Saturday, July 30, 2011

Know the rules

It seems like life is nothing but a learning experience.  We make good decisions and bad decisions and hopefully learn from BOTH.  Today I learned a lot from making a "bad" decision as a Starter in a Time Trial because I wasn't clear on the rules.  A rider also made a "bad" decision for being late, having a mechanical, and thinking that they'd get a NEW start time.  It didn't affect the outcome of the race but I made a rider very upset..which also upset me.  In this case, (I don't want to go into specifics) we BOTH didn't clearly understand the rules.  Yes, as a relative newbie official I'm still learning.  Trust me, it's not easy making quick decisions as an official during an event.  Here's the USA Cycling rule for Time Trials regarding the start:

3E5. Start.

(a) Each rider shall report to the starter at least three minutes before his or her scheduled starting time and shall start at the scheduled time. If a rider appears later than the appointed starting time, the start will be allowed only if it does not interfere with the riders starting on schedule. If it does interfere, the rider may be further delayed. In case of a late start, the appointed time shall be used in computing the results.
I've underlined the most important part of the rule.  That is, if you miss your start time the clock is still running on your Time Trial.  For example, if you were scheduled to start at 8:00:30 and you don't start until a minute later (9:00:30) your final time is based on your published start time NOT your actual start time.  In most Time Trials..there is usually some time to insert you in-between other racers (if you miss your start time) as long as it doesn't interfere with other riders.  The key there is as long as it doesn't interfere with other riders.  During the same TT today, I tried to insert a racer earlier that missed their start time in-between two other racers that were scheduled 30 seconds apart.  When that person got to the line I asked them if they were ready and they said, "Yes".  When they came to the line they had problems clipping in and almost delayed the start of the other racer that was scheduled to go off.  (So much for being ready).  What I should have done is pulled that rider to the side and had them wait longer..until they were TRULY ready.  Why should a late rider disrupt the flow of riders that were waiting and on time?  Everything went off ok..but I upset a rider in my decision making process.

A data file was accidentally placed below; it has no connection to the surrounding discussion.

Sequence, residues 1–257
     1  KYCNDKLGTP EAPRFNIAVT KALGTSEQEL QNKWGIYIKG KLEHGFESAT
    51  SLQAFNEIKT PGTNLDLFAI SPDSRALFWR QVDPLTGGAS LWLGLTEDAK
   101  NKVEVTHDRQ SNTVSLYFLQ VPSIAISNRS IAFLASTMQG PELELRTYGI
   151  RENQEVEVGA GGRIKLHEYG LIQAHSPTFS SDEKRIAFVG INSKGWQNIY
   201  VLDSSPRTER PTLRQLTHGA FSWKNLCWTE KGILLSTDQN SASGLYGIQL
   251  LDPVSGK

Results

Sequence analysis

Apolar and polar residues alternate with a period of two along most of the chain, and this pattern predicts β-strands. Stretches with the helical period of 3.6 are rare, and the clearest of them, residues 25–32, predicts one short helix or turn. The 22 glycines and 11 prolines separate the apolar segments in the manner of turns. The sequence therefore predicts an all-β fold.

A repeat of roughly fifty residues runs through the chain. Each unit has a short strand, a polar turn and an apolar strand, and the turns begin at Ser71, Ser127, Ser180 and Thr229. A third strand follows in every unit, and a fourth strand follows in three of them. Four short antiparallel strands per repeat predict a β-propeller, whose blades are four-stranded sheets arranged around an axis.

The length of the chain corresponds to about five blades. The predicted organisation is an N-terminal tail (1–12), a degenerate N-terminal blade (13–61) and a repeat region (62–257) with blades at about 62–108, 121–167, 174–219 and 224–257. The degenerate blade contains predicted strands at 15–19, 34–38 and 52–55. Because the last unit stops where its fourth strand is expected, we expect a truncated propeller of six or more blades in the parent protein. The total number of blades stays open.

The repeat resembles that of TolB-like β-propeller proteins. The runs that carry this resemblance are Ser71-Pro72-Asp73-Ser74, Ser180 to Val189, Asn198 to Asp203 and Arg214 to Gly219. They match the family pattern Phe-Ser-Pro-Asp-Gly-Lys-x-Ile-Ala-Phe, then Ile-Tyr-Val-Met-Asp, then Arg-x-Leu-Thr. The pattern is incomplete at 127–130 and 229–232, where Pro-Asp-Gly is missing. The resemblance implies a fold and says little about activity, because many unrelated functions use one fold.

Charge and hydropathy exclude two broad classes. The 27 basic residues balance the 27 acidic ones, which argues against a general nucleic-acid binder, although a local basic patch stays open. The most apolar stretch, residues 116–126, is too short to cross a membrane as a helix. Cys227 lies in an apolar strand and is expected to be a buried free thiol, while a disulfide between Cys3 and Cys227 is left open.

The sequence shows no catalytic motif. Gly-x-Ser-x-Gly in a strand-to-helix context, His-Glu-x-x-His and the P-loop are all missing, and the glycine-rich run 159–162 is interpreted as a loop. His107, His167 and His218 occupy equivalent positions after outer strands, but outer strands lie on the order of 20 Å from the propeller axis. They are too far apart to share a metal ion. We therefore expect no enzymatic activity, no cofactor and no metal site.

So, here's the moral of the story- KNOW THE RULES.  It doesn't matter whether it's a Crit, Road Race, TT, etc.  In the case of a TT, if you're late and miss your start..because of traffic congestion, a broken down car, a bike mechanical, or're going to be inserted IF it's possible.  If not, you wait until the last rider leaves which obviously're NOT going to be competitive.  i.e. you're pretty much done for the day.  So, let that be a lesson to everyone.  If you're racing a TT, be there at the starting line AT LEAST 3 minutes early to get in the que.  The only exception to an excused late start is if they closed a road to the event in the case of an emergency/accident or something that you had no control over.  If that does happen, realize it's still up to the Chief Ref as to whether it's excusable.  If that does ever happen, the first thing I would do is seek the Chief Ref out, plead your case, and hope that they grant you a new start time.
Here's a link to the USA Cycling Rulebook. PLEASE read the rules and know the rules. If you don't understand them, or need further clarification..ASK.
Oh, one other thing.  When you are at the starting line of a TT being held by the holder, ready for your 5 second countdown,..please don't back pedal excessively.  I see riders do this all the time.  If you drop a chain during your 5 second are SOL.  The clock will start on your ride while you're putting your chain back on.  Also, make sure that you are in a gear that you can pedal away on your own power.  A few riders today had their bikes in too big a gear and almost couldn't turn the cranks out of the chute.  And, they almost fell over.  I had to hold a couple people up from falling over into me.  The holder WILL NOT push you.  They are not allowed to.  If you fall out of the gate you do NOT get a FREE re-start...the clock is running. Sometimes even the top Pros forget.  If you saw the final individual TT of this years Tour de France (on Saturday) you may have noticed that Alberto Contador almost fell out of the chute.  I'm not sure what happened.  I'm guessing he thought the holder was going to push him down the ramp or that he was in too big a gear..because he almost fell over.  If he didn't unclip and put a foot down..he probably would have fallen.  Or, who knows, maybe the holder held him back..ha  (just kidding).
Power ON!  Coach Rob

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